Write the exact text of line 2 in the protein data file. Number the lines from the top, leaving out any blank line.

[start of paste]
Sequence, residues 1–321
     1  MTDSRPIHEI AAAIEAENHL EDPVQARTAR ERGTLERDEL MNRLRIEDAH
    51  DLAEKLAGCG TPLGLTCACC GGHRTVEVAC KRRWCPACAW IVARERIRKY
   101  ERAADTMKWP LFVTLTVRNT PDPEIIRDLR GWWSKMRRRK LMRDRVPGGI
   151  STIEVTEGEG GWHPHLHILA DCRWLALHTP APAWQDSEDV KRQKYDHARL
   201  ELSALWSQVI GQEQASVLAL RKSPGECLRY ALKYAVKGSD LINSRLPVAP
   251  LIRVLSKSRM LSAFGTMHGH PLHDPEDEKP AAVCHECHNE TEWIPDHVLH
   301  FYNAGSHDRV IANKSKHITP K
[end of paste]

     1  MTDSRPIHEI AAAIEAENHL EDPVQARTAR ERGTLERDEL MNRLRIEDAH